The Fuse

High Energy Stakes for Kurdish Referendum

September 20, 2017

Guest Post by Matthew M. Reed | @matthewmreed

Matthew M. Reed is Vice President of Foreign Reports, Inc., a Washington, DC-based consulting firm focused on oil and politics in the Middle East.

There’s no sign that the Kurds are backing down from voting for their independence. They plan to hold a referendum across Kurdish and disputed Iraqi territories on September 25. With just a few days to go, no one can stop them, and “alternatives” proposed by foreign powers haven’t gained any traction yet. Although the vote may be non-binding, meaning that a formal declaration of independence might be years off, foreign powers don’t seem to care.

Although the vote may be non-binding, meaning that a formal declaration of independence might be years off, foreign powers have opposed the referendum.

The U.S., UK and France all oppose the referendum or the ultimate goal of independence, with Washington using some of the strongest language. “Holding the referendum in disputed areas is particularly provocative and destabilizing,” the White House said in a September 15 statement.

Russia has welcomed the referendum with some caveats. In August, Foreign Minister Sergei Lavrov described the referendum as an “expression of the ambitions of the Kurdish people,” but he stopped short of endorsing independence outright. Instead, he called on the Kurds to carefully consider the full ramifications of secession. In a deal seen by some as a last-minute endorsement, Russian energy giant Rosneft announced a deal this week with the Kurds to invest in vital oil and gas export infrastructure. The deal could only advance with Moscow’s blessing since the Russian government owns a 50 percent stake in Rosneft.

Russia is an exception but, more importantly for the Kurds, their neighbors have all come out forcefully against this month’s vote. Leaders in Iraq, Turkey and Iran have all declared the referendum illegitimate and dangerous. For their part, Kurdish authorities insist that it’s constitutional under Iraqi law and 10 years overdue.

President of the Kurdistan Regional Government Massoud Barzani has been talking about independence for years. Most recently, in 2014, the Kurds were primed to pursue it—or at least they appeared to be. They had secured a comprehensive energy deal with Turkish authorities in late 2013 which scaled up independent oil exports by pipeline to Ceyhan. The same deal promised Turkish investments in the KRG and future gas exports to Turkey.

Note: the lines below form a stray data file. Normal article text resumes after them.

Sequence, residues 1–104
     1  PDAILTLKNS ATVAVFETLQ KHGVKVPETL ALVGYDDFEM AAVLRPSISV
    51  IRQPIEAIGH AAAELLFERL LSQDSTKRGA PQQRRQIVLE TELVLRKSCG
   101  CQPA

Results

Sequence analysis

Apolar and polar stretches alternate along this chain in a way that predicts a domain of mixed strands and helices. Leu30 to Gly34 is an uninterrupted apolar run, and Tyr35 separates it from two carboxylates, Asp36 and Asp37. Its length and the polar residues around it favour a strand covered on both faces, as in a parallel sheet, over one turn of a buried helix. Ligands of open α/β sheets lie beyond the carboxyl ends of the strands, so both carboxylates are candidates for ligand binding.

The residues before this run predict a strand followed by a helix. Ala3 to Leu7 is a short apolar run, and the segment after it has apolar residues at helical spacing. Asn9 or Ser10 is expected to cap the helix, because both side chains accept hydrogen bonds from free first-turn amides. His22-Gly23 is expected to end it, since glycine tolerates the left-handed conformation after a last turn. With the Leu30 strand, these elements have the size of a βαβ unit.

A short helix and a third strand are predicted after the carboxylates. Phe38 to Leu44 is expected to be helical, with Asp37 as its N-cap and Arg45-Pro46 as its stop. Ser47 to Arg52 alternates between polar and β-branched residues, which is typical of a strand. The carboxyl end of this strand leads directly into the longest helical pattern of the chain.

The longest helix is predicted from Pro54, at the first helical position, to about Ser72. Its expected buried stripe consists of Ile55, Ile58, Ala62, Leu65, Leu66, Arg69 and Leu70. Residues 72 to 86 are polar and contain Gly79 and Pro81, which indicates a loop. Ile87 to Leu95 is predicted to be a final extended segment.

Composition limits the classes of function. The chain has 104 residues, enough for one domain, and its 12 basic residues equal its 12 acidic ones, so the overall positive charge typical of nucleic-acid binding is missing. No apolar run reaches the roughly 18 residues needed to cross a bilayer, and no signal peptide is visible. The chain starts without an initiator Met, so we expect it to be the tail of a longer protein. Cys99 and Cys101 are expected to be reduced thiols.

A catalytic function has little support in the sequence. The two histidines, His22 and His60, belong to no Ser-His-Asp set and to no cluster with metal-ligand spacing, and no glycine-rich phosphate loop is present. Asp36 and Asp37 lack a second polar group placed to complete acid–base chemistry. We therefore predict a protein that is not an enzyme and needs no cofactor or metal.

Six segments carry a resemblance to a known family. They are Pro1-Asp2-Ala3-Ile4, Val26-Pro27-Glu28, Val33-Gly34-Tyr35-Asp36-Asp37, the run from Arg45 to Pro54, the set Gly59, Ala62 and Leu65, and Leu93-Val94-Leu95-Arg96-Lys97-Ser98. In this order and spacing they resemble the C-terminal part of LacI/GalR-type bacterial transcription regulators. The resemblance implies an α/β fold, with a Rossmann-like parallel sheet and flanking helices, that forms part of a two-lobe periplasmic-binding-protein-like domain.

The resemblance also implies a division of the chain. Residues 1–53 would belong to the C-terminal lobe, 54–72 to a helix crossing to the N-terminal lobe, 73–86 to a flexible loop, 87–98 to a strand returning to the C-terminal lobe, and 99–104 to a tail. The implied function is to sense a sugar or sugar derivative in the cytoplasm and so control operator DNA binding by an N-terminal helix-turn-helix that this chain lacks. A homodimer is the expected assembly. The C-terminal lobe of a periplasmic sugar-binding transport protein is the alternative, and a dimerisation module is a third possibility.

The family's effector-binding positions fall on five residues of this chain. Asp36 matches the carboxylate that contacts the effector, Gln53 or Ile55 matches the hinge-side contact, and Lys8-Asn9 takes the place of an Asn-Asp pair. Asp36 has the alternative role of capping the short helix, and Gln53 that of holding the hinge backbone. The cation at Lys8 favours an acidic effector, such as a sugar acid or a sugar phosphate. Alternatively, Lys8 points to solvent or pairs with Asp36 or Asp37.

Yet, with the rise of ISIS in 2014 and the collapse of oil prices later that year, independence lost its appeal, at least for a time. Foreign powers convinced the Kurds to put off any referendum until after ISIS was dealt with. Three years later—in 2017—ISIS is on the run and the Kurds are exporting more oil than ever: Almost 600 thousand barrels of crude pass to and through Turkey every day, mostly by pipeline.

The Kurds are again pushing for independence. The question now is how others will push back.

Ahead of elections next year, Iraqi Prime Minister Haider Abadi faces increasing pressure to resist the drive toward independence. He can do this in a number of ways. Perhaps the easiest option is to chase Kurdish crude exports in foreign courts. His predecessor Nouri al-Maliki tried this with limited success, but Abadi’s case to halt Kurdish oil deliveries would be much stronger if the Kurds secede from Iraq, even more so if they continue to export oil from disputed territory. Up to now, foreign courts have largely deferred to Iraq’s Supreme Court because the export issue is a constitutional matter so long as the KRG is part of Iraq. European and American courts may be less deferential, however, if the dispute was between sovereign states, one of which may not be recognized by the U.S., European Union, the UN or Arab League.